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The Change in Classification of Asperger Syndrome: An Exploration of its Effects on Self-Identity
Recently, the American Psychiatric Association eliminated Asperger Syndrome (AS) and introduced the Autism Spectrum Disorder (ASD) diagnostic framework. This change in nosology socially implicates people who self-identify with and derive personal meaning from their AS diagnosis. The current study explored the opinions of adults with AS regarding their identity related to the diagnostic terminology of ASD. Twelve adults with AS completed a semi-structured interview that was transcribed and analyzed qualitatively using Thematic Analysis. The analysis revealed six themes: (a) Derived Meaning, (b) Knowledge and Understanding, (c) Perceptions and Labels, (d) Social Identity, (e) Opinions and Reactions to ASD, and (f) Barriers to Funding and Service Provision. Many participants socially identified and self-categorized as part of the AS community because their challenges matched those described by the DSM-IV. Importantly, many participants described the removal of AS as a threat to their identity, social status, and access to supports. Implications are discussed.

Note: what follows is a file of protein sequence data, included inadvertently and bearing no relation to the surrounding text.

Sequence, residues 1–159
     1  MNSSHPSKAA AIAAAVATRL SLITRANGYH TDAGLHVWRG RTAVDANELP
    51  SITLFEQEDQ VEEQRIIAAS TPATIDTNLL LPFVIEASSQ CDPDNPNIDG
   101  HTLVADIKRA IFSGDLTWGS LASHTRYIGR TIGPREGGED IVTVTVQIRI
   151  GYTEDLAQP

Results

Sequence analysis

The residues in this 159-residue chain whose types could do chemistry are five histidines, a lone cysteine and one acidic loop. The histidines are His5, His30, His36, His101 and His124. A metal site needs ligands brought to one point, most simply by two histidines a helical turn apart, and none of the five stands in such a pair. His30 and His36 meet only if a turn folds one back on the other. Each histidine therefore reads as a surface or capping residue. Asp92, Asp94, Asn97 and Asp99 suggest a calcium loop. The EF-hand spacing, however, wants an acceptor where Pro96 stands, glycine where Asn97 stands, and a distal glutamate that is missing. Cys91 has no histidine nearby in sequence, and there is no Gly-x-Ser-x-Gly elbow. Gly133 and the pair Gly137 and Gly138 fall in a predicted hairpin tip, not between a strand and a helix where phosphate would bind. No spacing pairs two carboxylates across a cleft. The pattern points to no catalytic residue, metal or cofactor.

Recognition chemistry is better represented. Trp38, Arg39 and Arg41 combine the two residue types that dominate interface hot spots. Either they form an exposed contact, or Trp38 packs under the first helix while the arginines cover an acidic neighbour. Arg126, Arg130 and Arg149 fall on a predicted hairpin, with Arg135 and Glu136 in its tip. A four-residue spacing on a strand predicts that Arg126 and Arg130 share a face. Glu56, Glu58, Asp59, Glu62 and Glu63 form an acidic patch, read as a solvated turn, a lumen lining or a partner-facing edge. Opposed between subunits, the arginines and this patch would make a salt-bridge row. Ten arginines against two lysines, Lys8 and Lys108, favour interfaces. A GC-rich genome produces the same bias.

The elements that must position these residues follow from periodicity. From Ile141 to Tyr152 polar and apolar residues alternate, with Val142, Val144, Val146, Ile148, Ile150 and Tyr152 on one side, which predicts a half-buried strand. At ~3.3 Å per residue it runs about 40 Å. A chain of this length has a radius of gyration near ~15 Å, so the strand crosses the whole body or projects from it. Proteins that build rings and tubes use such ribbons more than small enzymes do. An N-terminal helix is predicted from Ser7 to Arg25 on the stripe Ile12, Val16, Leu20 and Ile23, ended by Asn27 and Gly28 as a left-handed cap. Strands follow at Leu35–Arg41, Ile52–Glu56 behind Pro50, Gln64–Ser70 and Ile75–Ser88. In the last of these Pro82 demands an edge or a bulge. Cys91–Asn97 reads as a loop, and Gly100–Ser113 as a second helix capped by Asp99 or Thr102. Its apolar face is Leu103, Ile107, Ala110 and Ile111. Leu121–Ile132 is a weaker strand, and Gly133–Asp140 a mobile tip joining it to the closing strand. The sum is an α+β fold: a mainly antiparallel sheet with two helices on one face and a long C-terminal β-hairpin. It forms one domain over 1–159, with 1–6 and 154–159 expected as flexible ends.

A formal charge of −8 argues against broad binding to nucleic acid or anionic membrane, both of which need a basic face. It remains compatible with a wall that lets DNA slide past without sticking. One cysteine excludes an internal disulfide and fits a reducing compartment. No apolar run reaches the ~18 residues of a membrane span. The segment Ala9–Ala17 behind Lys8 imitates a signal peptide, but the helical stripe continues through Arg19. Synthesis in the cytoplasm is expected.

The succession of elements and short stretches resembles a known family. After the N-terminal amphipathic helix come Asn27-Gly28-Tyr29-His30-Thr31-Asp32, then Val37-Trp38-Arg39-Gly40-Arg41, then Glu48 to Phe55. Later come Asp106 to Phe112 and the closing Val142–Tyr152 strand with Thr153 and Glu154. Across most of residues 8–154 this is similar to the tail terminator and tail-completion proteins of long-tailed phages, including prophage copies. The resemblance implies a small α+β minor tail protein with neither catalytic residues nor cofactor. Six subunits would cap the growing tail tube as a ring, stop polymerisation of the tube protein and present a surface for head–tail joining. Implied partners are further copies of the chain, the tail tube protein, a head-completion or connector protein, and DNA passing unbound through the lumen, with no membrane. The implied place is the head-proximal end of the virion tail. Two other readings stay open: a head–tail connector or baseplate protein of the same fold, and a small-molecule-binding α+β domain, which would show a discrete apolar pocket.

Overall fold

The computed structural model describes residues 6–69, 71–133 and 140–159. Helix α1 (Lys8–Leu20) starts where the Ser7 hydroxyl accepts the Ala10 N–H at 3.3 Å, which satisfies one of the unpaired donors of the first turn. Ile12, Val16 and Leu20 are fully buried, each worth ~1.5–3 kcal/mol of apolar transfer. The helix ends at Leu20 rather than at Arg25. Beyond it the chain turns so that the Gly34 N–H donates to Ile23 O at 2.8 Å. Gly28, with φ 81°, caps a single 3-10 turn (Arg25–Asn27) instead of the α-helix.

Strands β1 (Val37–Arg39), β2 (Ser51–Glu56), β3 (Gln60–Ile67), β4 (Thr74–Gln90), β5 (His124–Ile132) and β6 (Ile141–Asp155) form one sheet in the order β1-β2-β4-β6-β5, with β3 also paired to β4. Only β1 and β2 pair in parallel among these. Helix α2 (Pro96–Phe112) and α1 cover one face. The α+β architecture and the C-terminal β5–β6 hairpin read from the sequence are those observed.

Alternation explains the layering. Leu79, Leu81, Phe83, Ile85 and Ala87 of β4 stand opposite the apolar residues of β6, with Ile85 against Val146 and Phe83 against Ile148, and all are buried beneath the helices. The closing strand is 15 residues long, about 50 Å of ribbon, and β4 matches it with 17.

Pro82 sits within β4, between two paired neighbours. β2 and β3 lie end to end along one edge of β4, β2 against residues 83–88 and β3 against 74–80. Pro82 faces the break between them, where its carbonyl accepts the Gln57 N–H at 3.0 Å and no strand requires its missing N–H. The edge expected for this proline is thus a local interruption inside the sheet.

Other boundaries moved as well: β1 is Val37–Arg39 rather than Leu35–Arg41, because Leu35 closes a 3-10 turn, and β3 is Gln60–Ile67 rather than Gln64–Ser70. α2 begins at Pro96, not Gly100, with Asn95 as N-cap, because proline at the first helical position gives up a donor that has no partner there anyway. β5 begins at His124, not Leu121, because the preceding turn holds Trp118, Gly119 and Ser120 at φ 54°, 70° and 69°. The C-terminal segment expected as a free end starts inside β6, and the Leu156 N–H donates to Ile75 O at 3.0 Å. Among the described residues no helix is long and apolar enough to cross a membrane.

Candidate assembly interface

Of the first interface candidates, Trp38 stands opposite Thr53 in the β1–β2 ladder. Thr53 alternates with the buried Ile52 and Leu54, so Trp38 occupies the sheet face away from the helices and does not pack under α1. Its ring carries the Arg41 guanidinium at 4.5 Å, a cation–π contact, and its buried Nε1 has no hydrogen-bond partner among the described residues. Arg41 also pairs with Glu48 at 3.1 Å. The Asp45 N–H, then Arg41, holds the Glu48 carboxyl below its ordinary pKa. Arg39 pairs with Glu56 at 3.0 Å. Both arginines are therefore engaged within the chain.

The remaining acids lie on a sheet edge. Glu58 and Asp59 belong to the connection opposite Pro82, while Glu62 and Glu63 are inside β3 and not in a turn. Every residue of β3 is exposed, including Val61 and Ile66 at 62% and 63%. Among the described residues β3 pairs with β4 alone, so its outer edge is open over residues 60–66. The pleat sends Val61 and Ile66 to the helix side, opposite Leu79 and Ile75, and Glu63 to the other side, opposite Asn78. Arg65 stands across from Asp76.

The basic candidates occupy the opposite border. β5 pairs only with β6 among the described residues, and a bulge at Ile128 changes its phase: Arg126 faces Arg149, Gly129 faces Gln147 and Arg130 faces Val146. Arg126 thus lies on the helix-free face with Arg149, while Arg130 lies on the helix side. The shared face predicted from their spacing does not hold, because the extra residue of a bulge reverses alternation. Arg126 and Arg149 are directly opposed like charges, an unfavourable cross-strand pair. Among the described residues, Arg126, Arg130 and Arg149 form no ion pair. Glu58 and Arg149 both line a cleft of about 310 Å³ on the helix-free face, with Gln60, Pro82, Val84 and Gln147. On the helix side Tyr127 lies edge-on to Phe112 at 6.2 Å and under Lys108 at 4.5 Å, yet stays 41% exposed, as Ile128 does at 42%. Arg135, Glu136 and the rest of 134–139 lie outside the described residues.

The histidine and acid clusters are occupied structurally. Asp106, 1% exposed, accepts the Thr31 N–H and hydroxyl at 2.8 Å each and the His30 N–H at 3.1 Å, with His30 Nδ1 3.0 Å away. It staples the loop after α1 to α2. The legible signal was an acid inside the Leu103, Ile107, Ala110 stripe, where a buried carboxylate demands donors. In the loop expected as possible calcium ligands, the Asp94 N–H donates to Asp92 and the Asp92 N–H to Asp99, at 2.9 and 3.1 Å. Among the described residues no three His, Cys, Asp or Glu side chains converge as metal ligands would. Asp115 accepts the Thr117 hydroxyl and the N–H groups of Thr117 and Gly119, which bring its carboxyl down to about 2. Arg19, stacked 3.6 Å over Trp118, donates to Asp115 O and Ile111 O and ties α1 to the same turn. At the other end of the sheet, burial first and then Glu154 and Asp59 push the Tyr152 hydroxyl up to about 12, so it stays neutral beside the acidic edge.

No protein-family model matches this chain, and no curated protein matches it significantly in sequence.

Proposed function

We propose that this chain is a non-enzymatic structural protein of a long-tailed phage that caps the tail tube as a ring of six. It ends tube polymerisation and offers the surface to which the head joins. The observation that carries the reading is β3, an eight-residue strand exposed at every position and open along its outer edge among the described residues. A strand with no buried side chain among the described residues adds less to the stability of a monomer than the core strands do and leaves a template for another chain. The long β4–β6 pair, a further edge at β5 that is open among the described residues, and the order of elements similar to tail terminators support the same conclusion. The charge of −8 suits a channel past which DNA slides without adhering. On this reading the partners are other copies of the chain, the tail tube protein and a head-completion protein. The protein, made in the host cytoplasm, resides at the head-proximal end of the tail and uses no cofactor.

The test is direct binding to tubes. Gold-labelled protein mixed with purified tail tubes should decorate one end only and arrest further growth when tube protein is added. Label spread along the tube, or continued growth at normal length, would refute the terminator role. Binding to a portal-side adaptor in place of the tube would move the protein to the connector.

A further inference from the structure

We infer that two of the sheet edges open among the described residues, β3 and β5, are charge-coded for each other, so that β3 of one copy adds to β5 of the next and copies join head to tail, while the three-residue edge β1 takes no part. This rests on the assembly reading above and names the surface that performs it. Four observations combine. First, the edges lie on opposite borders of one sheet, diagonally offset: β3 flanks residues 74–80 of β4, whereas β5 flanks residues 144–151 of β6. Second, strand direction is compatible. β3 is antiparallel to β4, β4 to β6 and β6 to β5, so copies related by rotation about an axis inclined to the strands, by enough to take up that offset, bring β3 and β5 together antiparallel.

Autism Spectrum Disorder, DSM-5, Identity, Qualitative Analysis
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Recommended APA Citation
Huynh, S., McCrimmon, A., & Strong, T. (2020). The Change in Classification of Asperger Syndrome: An Exploration of its Effects on Self-Identity. The Qualitative Report, 25(2), 379-398. https://doi.org/10.46743/2160-3715/2020.4122